Honour killings have risen under the theocracy

Another senseless killing once again underlines the perilous situation faced by women and girls in the Islamic Republic of Iran today, reports Jane Green, as a new campaign for change begins

On Saturday, 5 February, reports emerged of a grisly video clip being widely circulated online in Iran showing a young man carrying the severed head of his 17-year-old wife, Mona Haidari, in one hand and the bloody dagger he had used to behead her in the other, having supposedly restored his “honour” and that of his family.

Ms. Haidari had been married to the killer, her paternal cousin, at the age of just 12.  She was the mother of a 3-year-old boy.  Her treatment at the hands of her husband was abusive and violent throughout the marriage.  Ms. Haidari is alleged to have become involved in an illicit online relationship with a Syrian national residing in neighbouring Turkey and was persuaded to attempt to escape her marriage and join him there.  Ms. Haidari fled to Tehran to be smuggled by people traffickers north-westwards and across the border into Turkey.

Ms. Haidari then resided for a time with the Syrian in Turkey before being tracked down by her father.  Having been assured by her father that she would be safe and face no repercussions once back home, Ms. Haidari returned with him to Iran.  However, just a few days later, she was dragged by her husband out of the vehicle in which she was travelling with her family.  This was the last time she was seen before the emergence of the horrific video clip over a week ago.  Her husband and his brother were arrested and detained by the police around four hours after the video was taken.

This is the latest prominent case of a so-called “honour” killing in Iran.  It has caused shock across the country, renewing the debate about violence against women and the lack of any meaningful legal safeguards to protect them.

While the Middle East and North Africa region is widely seen as the epicentre for “honour” killings, this had not been a major phenomenon in Iran until more recently. This is despite the ongoing problems of misogyny and domestic violence that are endemic in the Islamic Republic.  The specific issue of “honour” killings in Iran has tended to be confined to areas which are more socially conservative and where tribal rites hold greater sway, unrestrained by the remit of state authorities.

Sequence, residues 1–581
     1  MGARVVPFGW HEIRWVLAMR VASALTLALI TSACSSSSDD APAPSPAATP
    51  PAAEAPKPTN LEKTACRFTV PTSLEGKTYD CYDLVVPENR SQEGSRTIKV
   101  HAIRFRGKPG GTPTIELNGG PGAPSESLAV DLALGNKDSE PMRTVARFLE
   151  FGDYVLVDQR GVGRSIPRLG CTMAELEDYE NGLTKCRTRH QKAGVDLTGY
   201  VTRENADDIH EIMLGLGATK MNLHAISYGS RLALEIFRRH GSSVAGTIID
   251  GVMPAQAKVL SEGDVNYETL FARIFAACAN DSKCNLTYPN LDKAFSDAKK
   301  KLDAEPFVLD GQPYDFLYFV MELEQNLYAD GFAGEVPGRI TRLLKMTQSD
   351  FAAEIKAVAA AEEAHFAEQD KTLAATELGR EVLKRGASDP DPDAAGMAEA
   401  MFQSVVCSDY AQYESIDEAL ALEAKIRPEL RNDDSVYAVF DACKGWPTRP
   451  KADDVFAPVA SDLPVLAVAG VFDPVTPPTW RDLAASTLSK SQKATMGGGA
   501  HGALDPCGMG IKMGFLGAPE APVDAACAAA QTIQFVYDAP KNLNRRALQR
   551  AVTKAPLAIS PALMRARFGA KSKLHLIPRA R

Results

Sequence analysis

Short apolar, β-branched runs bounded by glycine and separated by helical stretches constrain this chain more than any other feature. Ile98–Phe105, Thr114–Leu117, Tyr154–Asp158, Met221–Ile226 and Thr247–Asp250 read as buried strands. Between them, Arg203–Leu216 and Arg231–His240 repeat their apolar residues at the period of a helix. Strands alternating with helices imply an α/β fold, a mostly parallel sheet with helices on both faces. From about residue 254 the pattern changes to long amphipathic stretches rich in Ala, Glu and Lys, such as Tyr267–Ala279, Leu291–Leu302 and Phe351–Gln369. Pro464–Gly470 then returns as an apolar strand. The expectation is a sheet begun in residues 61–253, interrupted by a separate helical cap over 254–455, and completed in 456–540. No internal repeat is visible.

However, with the advent of the Islamic Republic and in the forty years since its consolidation, incidences of this type of violence have become more prevalent.  It is undoubtedly the case that regressive patriarchal laws, underpinned by Sharia, and their application by state authorities, have resulted in an increase in such incidents.

Also, within Iran, the provinces with the highest rates of “honour” killings also have the highest rates of unemployment and poverty.  These factors, along with the deliberate weakening of civil society and secular institutions and structures, a hallmark of the Islamic Republic’s rule, combine to create a vicious cycle of conservative and often reactionary trends.

Furthermore, a brief correspondence paper comprising an informative and concise overview of the spectre of “honour” killings during the COVID-19 pandemic in Iran, produced by academics at the Department of Psychology at Iran’s University of Science and Culture, was published by the Lancet Psychiatry journal in October 2020.  This paper confirmed and neatly underlined the increasingly acute nature of this phenomenon in Iran, its main causes, and the need for a robust response from the powers that be in the country.